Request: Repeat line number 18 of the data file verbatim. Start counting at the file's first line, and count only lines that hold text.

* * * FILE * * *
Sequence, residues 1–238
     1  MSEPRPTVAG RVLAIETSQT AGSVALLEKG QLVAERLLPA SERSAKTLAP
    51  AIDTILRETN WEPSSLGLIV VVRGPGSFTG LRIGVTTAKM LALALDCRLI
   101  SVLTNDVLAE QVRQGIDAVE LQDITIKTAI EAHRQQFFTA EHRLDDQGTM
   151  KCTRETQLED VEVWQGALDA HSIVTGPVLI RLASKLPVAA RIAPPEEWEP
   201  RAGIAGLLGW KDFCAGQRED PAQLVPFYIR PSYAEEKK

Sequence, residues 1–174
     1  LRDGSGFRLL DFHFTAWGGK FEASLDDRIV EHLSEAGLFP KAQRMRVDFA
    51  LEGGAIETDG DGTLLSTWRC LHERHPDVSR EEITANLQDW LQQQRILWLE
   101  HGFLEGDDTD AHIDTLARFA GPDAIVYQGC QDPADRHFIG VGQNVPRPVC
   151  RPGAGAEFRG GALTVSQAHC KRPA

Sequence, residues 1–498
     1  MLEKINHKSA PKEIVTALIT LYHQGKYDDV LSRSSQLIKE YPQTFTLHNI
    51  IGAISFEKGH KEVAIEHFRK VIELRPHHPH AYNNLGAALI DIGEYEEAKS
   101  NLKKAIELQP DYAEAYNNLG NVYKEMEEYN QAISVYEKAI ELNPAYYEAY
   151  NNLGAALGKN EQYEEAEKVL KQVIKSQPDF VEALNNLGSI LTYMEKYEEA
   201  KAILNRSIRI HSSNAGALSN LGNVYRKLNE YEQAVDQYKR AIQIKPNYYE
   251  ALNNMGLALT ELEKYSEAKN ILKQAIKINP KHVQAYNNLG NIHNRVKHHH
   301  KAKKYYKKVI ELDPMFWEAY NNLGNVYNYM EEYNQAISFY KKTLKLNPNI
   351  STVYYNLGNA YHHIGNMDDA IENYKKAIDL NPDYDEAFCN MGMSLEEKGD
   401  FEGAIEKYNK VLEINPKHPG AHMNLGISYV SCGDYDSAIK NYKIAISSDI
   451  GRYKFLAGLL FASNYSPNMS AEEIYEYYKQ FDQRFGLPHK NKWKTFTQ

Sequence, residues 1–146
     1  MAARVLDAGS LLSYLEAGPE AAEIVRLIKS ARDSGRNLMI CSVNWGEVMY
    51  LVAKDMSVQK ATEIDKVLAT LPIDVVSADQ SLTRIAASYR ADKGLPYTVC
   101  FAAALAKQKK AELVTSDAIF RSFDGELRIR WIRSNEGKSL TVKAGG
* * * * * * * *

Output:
   251  ALNNMGLALT ELEKYSEAKN ILKQAIKINP KHVQAYNNLG NIHNRVKHHH